SCOTT SIMON, HOST:
A crisis helpline has been relaunched in Minnesota. A rainy growing season this year left fields across the Midwest muddy and sometimes inaccessible. That has delayed, which can destroy some of the harvests of corn and soybeans. For farmers, that's just not a weather report. It's a loss of income. They need to pay their bills.
MEG MOYNIHAN: Farming at the best of times is a challenging occupation - lots of stress.
SIMON: Meg Moynihan is a senior adviser at the Minnesota Department of Agriculture and a farmer. She and her husband run a 70-cow dairy operation.
MOYNIHAN: There are also an awful lot of factors that they just do not have control over.
SIMON: Like the weather or how low-crop and livestock prices have been in recent years. And debt. Many farmers take out huge loans at the start of the year, figuring they'll be able to pay them off with profits from a good harvest. All that can lead to anxiety and depression. When you live in an isolated place, it can be hard to know where to turn.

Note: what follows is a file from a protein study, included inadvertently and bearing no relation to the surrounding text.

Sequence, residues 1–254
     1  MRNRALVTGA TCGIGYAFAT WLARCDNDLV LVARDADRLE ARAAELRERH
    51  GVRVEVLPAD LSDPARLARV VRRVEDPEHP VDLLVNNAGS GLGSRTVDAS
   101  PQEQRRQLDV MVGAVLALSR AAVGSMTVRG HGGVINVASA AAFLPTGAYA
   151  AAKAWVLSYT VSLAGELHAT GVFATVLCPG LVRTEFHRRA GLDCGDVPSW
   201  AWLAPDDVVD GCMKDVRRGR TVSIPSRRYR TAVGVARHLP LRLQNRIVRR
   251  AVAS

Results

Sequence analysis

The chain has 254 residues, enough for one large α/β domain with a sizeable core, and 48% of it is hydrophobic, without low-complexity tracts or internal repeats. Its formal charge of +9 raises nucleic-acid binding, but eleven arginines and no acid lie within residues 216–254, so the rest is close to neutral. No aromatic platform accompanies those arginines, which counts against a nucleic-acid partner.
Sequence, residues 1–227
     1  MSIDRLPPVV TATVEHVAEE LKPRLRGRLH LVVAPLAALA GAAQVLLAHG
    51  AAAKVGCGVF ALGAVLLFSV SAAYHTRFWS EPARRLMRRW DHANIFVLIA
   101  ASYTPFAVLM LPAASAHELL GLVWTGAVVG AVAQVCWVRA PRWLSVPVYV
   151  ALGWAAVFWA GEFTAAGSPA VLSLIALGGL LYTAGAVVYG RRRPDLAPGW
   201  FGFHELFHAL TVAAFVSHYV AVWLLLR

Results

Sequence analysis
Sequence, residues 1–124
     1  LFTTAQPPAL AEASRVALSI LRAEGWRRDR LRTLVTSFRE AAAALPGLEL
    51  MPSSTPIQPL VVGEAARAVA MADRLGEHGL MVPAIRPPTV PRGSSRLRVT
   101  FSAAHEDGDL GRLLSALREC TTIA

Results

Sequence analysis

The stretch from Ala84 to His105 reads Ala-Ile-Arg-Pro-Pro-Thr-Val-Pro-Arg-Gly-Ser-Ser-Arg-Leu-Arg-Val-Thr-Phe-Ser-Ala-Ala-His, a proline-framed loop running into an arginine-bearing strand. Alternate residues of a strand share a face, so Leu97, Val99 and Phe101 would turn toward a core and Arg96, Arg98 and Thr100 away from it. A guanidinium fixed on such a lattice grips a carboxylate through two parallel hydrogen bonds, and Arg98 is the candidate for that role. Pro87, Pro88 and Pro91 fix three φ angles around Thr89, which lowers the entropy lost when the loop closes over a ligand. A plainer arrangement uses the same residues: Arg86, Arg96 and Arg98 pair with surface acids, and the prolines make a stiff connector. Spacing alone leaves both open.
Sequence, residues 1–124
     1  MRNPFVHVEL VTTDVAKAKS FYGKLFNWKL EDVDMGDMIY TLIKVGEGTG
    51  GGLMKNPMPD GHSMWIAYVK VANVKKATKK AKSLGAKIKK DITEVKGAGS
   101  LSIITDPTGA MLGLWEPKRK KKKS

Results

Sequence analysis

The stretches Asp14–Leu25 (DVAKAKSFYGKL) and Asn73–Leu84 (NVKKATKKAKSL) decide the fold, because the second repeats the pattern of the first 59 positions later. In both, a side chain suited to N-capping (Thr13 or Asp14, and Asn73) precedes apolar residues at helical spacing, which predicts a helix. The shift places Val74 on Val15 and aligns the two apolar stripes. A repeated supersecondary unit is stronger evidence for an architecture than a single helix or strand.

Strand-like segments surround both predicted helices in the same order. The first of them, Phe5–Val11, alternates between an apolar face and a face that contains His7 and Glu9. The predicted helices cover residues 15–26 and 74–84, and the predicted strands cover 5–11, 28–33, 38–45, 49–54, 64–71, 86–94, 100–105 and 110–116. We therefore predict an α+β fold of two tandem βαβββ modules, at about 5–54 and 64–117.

MOYNIHAN: Farmers are very much used to solving their own problems. So I think that, sometimes, disclosing that you're not feeling quite right - it could be interpreted by them as, like, I don't want to appear weak. I would be ashamed to tell somebody this.
SIMON: Ms. Moynihan restarted the state's 24/7 farm and rural helpline, where farmers can turn to get financial or legal advice or emotional support. They don't have to call it a crisis.
MOYNIHAN: You know, in the Midwest, sometimes, you just feel like - it's like, oh, yeah, it's a crisis line. And, oh, maybe my crisis isn't big enough that I can call that hotline. I'm just feeling a little blue. So we want those people to know that is what it's for.
SIMON: Meg Moynihan of the Minnesota Department of Agriculture. Transcript provided by NPR, Copyright NPR.